Feb 2, 2023
 in 
Due Diligence

7 Effective Ways to Measure a Startups Traction

Author
Bram Berkowitz
V

enture capital investors have a difficult task when it comes to evaluating the numerous opportunities that come across their desk. Many startups will end up creating entirely new markets with very few comparable companies. Startup founders often do not have a lot of experience and most startups only have a limited financial history, making it tough to evaluate their financial performance and how consistent it will be.

There are things that will stick out and catch your eye. For instance, some companies may have already raised VC funding, giving them some level of credibility, while others may boast lots of user growth.

These are achievements, of course, but they also don’t provide the full and complete picture. In order to make a confident investment decision, you’re going to need a lot more information. Here are seven ways to really measure a startup’s traction and determine if it is really headed in the right direction. 

1. Growth

This one is obvious but also a good starting point. It’s of course always a big focal point for investors looking to find disruption. If you’re looking at the next big social platform then you are looking at the sheer number of users on the platform. If it’s a B2B company, you are likely more interested in the number of paying customers, MRR, and what kind of customers these are in terms of their size and importance in the industry.

It’s also not just a number. If a company has 1 million users, that’s great, but what does the growth trajectory look like? Did that company grow users 60% last year and only 30% this year? If so, you need to investigate why. Once you see clear growth, then it’s time to figure out the quality of that growth and what’s driving it. 

2. Burn rate

Burn rate essentially looks at how much money a startup is spending each month on overhead and variable costs. Startups are normally not profitable in the very beginning and even if they are, they usually want to keep investing back into the business to achieve growth while they’ve got momentum.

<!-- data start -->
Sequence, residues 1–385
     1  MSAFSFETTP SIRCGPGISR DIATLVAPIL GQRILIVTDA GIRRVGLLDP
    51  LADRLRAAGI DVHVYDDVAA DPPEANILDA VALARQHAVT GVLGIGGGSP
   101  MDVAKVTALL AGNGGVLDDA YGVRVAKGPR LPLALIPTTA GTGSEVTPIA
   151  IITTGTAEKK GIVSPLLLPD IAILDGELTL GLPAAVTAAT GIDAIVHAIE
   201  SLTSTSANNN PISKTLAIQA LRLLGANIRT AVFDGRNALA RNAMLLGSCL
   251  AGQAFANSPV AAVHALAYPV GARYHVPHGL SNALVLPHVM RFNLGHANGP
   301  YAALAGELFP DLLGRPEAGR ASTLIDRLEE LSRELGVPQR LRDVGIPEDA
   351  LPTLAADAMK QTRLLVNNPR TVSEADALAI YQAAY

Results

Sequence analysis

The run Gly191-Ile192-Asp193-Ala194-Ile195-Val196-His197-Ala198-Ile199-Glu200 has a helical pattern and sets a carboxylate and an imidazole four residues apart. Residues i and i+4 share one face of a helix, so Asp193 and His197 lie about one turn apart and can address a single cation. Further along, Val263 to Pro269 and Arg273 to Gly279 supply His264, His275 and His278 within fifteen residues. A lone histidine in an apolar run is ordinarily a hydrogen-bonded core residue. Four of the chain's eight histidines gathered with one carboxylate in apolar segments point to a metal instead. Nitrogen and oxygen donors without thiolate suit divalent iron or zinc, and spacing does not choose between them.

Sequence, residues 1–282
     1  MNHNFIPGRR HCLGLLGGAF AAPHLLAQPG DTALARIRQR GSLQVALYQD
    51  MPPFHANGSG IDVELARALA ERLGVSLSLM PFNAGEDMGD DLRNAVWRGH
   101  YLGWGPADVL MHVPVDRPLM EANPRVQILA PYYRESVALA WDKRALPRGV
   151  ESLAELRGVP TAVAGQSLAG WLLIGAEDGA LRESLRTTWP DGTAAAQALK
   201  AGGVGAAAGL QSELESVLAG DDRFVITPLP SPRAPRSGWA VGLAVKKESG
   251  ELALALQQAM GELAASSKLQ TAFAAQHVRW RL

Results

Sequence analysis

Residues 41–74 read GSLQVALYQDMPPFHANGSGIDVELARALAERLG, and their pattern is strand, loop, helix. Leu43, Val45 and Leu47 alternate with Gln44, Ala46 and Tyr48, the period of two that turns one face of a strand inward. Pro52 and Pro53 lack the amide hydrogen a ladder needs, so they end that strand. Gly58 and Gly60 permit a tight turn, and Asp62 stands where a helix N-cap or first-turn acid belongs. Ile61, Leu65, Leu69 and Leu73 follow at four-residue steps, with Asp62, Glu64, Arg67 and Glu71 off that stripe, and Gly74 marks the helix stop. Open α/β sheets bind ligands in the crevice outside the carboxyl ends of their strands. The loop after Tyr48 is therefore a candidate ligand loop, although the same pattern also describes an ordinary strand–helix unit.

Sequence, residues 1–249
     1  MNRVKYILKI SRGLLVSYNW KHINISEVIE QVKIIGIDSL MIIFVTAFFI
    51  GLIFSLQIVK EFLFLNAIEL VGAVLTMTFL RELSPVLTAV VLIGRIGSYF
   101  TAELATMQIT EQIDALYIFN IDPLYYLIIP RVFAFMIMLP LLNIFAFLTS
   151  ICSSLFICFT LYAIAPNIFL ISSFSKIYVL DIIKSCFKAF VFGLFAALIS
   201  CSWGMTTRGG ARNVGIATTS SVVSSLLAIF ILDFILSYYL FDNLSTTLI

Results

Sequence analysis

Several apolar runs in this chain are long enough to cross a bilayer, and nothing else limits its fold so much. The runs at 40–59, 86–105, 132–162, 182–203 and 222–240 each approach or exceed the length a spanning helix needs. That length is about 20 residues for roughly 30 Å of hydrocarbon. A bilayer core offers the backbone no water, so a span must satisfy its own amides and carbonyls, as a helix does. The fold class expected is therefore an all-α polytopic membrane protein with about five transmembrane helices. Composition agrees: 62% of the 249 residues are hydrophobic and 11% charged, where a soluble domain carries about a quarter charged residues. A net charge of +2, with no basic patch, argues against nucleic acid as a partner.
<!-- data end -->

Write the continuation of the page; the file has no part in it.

This is a big reason startups raise capital from investors and VCs, which typically gives them 12 to 18 months of runway to really drive growth. So, if a startup raises $1.5 million of funding and is spending $350,000 per month, that’s not great because it means they’ll be out of cash in about four or five months. 

It’s typically a good idea for startups to have at least six to 12 months of expenses on hand, so if a startup raised $1.5 million of financing a better burn rate would be $100,000 or $150,000 per month. Keep in mind that a lot of investors will look at the net burn rate, which also takes into account revenue. If you’re spending $100,000 per month but making $60,000 of revenue, the net burn rate is $40,000, which will help maximize financing.

3. Customer acquisition cost (CAC)

This is a great way to evaluate traction because it shows how much a company has to spend to acquire customers. For instance, if you have a social media platform that has 10,000 users but had to spend $800,000 on marketing to obtain those users, then you customer acquisition costs are $80 - pretty high. But if you have 10,000 users and spent nothing on marketing that tells you that your company has legitimate traction. This might mean that people liked your product and likely told their friends about it. Word of mouth is and has always been the most cost-efficient form of organic growth.

4. ARPU (Average Revenue Per Year)